Addressing security, software, and test system needs

July 01, 2008


Addressing security, software, and test system needs

Spotlight on the Trusted Computing Group, Object Management Group, and LXI Consortium.

Trusted Computing Group

The Trusted Computing Group (TCG) is an industry organization
that develops and promotes open, vendor-neutral, industry-standard
specifications for trusted computing building blocks and software interfaces
across multiple platforms. In an effort to enable more secure computing, TCG
offers a portfolio of specifications implemented by vendors that manufacture
PCs, servers, networking gear, applications and other software, hard drives,
and embedded devices.

In April, TCG members demonstrated products based on the
Trusted Network Connect (TNC) architecture, an open solution for network
security. The TCG also introduced a new TNC protocol, the Interface for
Metadata Access Point (IF-MAP), which defines a publish/subscribe/search
protocol that enables a wide range of systems to share data about network
devices, policies, status, and behavior in real time. By integrating network
and security components, IF-MAP can strengthen networks beyond simple admission
control and endpoint integrity assurance to continuous post-admission
assessment and control.

Object Management Group

Stringent performance is required in a broad range of computer
applications, from enterprise-scale systems handling bookings and online
financial transactions to compact systems embedded in software radios, cell
phones, medical equipment, and vehicles. Whether their code is running on
enterprise servers or embedded within devices, companies that design these
mission- and time-critical systems tackle their shared challenges using similar
design approaches.

The Object Management Groupís (OMGís) modeling standards,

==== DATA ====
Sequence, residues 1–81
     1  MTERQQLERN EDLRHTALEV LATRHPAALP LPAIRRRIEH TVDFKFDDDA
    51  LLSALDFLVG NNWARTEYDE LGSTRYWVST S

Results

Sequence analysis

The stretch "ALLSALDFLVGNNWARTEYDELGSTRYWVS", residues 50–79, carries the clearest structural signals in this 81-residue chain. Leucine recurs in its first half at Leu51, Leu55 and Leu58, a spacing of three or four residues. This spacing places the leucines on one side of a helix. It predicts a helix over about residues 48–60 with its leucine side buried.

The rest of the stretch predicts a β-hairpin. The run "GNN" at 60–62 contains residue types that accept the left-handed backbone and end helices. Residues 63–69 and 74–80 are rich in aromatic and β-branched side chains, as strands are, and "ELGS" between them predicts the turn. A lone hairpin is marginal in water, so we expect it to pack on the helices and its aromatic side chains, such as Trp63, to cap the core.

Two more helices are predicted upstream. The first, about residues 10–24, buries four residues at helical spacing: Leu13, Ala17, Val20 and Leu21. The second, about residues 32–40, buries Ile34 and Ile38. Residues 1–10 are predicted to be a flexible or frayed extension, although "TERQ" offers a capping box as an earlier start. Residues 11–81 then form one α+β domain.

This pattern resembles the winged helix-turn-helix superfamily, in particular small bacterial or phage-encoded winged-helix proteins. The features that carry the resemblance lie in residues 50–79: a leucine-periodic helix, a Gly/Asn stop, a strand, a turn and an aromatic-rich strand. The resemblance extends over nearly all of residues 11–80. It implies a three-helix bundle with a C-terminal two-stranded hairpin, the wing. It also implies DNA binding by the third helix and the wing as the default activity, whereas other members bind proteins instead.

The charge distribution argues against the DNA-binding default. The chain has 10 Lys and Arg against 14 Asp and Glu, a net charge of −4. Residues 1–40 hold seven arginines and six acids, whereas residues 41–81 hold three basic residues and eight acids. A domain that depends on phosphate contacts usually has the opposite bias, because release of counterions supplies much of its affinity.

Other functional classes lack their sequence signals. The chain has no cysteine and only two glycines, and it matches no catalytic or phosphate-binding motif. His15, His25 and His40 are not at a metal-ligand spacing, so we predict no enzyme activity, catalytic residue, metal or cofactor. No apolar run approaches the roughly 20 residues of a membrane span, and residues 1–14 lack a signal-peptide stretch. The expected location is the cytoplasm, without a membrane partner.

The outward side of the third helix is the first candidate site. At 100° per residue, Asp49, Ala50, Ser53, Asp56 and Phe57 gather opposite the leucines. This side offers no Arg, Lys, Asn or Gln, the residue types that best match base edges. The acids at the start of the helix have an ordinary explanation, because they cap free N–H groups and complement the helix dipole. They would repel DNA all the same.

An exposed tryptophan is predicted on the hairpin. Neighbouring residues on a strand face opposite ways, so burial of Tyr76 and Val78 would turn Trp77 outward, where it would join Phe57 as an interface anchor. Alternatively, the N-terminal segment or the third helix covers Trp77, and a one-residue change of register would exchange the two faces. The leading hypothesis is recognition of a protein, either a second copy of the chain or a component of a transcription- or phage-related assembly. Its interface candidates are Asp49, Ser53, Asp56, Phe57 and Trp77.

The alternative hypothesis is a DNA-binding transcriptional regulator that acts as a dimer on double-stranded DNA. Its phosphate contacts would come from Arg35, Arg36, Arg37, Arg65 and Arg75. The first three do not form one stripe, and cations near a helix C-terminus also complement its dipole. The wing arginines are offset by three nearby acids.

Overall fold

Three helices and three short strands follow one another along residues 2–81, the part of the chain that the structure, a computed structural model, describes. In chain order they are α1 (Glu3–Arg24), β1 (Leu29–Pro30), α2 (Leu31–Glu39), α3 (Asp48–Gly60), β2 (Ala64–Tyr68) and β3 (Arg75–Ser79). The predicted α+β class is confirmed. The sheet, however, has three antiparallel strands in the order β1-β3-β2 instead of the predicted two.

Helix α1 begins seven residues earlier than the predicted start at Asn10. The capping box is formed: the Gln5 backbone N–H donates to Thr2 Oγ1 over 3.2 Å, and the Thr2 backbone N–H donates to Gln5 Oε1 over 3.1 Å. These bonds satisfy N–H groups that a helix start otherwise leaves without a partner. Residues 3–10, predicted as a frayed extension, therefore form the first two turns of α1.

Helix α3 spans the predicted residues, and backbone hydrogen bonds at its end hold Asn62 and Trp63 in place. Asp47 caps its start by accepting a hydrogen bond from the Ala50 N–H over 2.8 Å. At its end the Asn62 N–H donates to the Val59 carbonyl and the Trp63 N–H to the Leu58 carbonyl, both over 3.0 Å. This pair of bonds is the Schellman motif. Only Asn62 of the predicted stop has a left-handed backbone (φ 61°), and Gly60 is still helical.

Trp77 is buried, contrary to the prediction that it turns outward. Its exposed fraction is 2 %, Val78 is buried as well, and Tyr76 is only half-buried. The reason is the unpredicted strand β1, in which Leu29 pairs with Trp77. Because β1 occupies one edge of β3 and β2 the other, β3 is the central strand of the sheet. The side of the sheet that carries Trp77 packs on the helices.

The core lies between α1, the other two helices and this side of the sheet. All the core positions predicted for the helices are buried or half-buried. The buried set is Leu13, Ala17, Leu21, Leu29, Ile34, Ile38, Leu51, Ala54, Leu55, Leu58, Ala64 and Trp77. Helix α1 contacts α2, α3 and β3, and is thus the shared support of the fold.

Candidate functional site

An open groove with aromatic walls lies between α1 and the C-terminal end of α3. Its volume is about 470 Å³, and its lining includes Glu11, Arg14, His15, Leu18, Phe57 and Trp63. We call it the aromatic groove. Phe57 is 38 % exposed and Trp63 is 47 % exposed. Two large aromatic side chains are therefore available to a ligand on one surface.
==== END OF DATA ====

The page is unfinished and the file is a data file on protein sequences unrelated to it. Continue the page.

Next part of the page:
including the Unified Modeling Language (UML) and Model-Driven Architecture
(MDA), give designers powerful visual tools to build, execute, and maintain
software and other processes. The groupís middleware standards and profiles are
based on the Common Object Request Broker Architecture (CORBA).

OMG can submit specifications directly into ISOís fast-track
adoption process. The groupís UML, MetaObject Facility (MOF), and Interface
Definition Language (IDL) standards are already ISO standards and ITU-T
recommendations. OMGís ninth annual Distributed Object Computing for Real-time
and Embedded Systems Workshop slated for July 14-16 will provide a forum for
engineers to learn about new design approaches, share their experiences, and
explore emerging standards.

LXI Consortium

LXI is the LAN-based successor to the General-Purpose
Interface Bus (GPIB). The LXI standard goes beyond GPIB to provide additional
capabilities that reduce the time it takes to set up, configure, and debug test
systems. LXI also helps integrators leverage the time and effort invested in
system software and architecture. The LXI Consortium, a nonprofit corporation
comprised of leading test and measurement companies, aims to develop, support,
and promote the LXI standard.

LXIís flexible packaging, high-speed I/O, and prolific use of
LAN address the needs of various commercial, industrial, aerospace, and
military applications. The LXI standard creates capabilities that optimize test
throughput, overall system performance, and cost efficiency in a way that
allows engineers to build powerful, Web-enabled test systems in less time.

Last November, the LXI Consortium approved the latest version
of the LXI standard (Version 1.2). To date, almost 500 products have been
certified as LXI compliant, and annual LXI-equipped test and measurement system
sales now exceed $200 million.


OpenSystems Publishing